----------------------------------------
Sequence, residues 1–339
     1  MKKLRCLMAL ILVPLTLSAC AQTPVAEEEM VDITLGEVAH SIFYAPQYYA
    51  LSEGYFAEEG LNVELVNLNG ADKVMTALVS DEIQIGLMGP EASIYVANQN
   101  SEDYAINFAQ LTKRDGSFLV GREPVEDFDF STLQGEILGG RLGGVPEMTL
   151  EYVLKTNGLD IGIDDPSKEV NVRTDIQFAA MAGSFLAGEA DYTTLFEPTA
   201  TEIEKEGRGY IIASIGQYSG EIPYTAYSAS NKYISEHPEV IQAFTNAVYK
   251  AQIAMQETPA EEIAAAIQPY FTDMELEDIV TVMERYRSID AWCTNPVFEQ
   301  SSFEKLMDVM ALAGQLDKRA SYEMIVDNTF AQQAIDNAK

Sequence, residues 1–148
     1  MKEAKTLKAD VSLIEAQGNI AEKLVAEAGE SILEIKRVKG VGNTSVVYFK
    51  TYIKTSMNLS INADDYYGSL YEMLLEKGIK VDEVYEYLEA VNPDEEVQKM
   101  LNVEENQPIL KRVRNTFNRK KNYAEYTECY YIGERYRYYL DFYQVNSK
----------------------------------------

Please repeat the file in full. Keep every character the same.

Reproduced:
Sequence, residues 1–339
     1  MKKLRCLMAL ILVPLTLSAC AQTPVAEEEM VDITLGEVAH SIFYAPQYYA
    51  LSEGYFAEEG LNVELVNLNG ADKVMTALVS DEIQIGLMGP EASIYVANQN
   101  SEDYAINFAQ LTKRDGSFLV GREPVEDFDF STLQGEILGG RLGGVPEMTL
   151  EYVLKTNGLD IGIDDPSKEV NVRTDIQFAA MAGSFLAGEA DYTTLFEPTA
   201  TEIEKEGRGY IIASIGQYSG EIPYTAYSAS NKYISEHPEV IQAFTNAVYK
   251  AQIAMQETPA EEIAAAIQPY FTDMELEDIV TVMERYRSID AWCTNPVFEQ
   301  SSFEKLMDVM ALAGQLDKRA SYEMIVDNTF AQQAIDNAK

Sequence, residues 1–148
     1  MKEAKTLKAD VSLIEAQGNI AEKLVAEAGE SILEIKRVKG VGNTSVVYFK
    51  TYIKTSMNLS INADDYYGSL YEMLLEKGIK VDEVYEYLEA VNPDEEVQKM
   101  LNVEENQPIL KRVRNTFNRK KNYAEYTECY YIGERYRYYL DFYQVNSK